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tities. The American whites and negroes are less thrifty than other races and usually buy everything needed at the company store.
The expenditures included in this statement are only those for household necessities and clothing, and do not include such other charges as rent, doctor's fees, powder, and smithing, which come out of every miner's earnings, and constitute a deduction of considerable importance.
The following tables show for a representative mine and coke plant average monthly earnings and deductions from earnings of employees, together with the amount of cash actually received:
TABLE 512.- Monthly earnings of employees in southern West Virginia, deductions from earnings, and amount received, by race and occupation.*
This table shows wages or earnings for the period indicated, but no account is taken of voluntary lost time or lost time from shut downs or other causes. In the various tables in this report showing annual earnings allowance is made for time lost during the year.
The average earnings and deductions for the mining employees is submitted below, by race and conjugal condition:
TABLE 513.-Average monthly earnings and amount deducted from earnings of mine employees of a representative mine and coke plant in southern West Virginia, by race and conjugal condition.*
*This table shows wages or earnings for the period indicated, but no account is taken of voluntary lost time or lost time from shut downs or other causes. In the various tables in this report showing annual earnings allowance is made for time lost during the year.
In some isolated communities the prices charged at the company stores are much in excess of a legitimate profit, and the company store in all cases is decidedly a paying institution. They are usually economically conducted and have no bad debts, as credit is rarely extended beyond the amount due the employee in wages. In many of these isolated communities it costs more to get provisions laid down at the stores because of their inconvenient location, and this accounts, at least in part, for the higher prices.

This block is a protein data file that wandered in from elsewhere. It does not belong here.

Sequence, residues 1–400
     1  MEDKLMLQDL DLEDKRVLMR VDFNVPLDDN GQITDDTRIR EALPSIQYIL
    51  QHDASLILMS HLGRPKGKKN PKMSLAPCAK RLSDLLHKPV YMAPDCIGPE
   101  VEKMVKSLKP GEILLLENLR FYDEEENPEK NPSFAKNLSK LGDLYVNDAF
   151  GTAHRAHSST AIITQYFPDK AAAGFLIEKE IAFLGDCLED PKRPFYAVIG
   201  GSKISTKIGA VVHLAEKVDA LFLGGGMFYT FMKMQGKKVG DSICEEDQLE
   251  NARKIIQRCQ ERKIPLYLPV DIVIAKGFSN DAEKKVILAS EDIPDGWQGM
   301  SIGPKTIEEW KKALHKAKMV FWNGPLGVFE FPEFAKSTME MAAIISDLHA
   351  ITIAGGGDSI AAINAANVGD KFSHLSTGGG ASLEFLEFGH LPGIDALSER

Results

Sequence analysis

Owing to the fact that the mines in West Virginia are located in more or less isolated localities, where no houses are available other than company houses, practically all are tenants as well as employees of the mining company.
In a majority of cases the country surrounding the company village is rough and sparsely settled. Owing to the rugged topography, there is rarely enough level land for the company village to be condensed and all buildings put in regular rows. The company stores are centrally located and the houses, from 50 to 150 in number, are scattered on hillsides and in the narrow valleys. They are constructed of a cheap grade of lumber, and many of them give the impression of being only temporary structures. They vary in size, as already pointed out, from two rooms to six or eight, are usually painted red or steel gray, and all are alike. There are three general types of houses found in the coal-mining villages of the State, and it is not uncommon to find all of them represented in the same village. The most general type found, especially in the older established villages, gives every appearance of cheapness and lack of permanence. This is a one-story structure of from two to four or sometimes five or six rooms. They are usually boxed on the outside with 10 or 12 inch boards nailed on vertically with 3-inch strips over the cracks. They are either ceiled with good dressed and matched lumber, or plastered and in some cases papered, in addition to being either ceiled or plastered. They are usually two rooms long, and, if there are more than two rooms, the additional rooms are usually built as a wing running back from the front part. A rather narrow porch is built on the front of the house, and in some cases in the rear. The double houses are two stories high, two rooms wide, and two long. If they contain six rooms, the rear ones are only one story high; and if there are eight rooms, the front and rear are both two stories. The houses are divided by a main wall running from front to rear, each section or side accommodating one family. Double chimneys are usually constructed in the front rooms, with open fires as the source of heat. These houses have narrow porches at the front running the width of the house, with railings, or, in some instances, an outside continuation of the dividing wall, which cuts the porch into two sections. The houses are either ceiled or plastered and, in some cases, papered. They are always painted on the outside, and while not attractive are usually comfortable and kept in a very good state of repair. The third type of house found in mining villages is better in quality and general appearance, and occurs less frequently than any other. This type of house is a single one-story building of four or five rcoms and hall, and finished both inside and out with better material than that usually found in the types above described.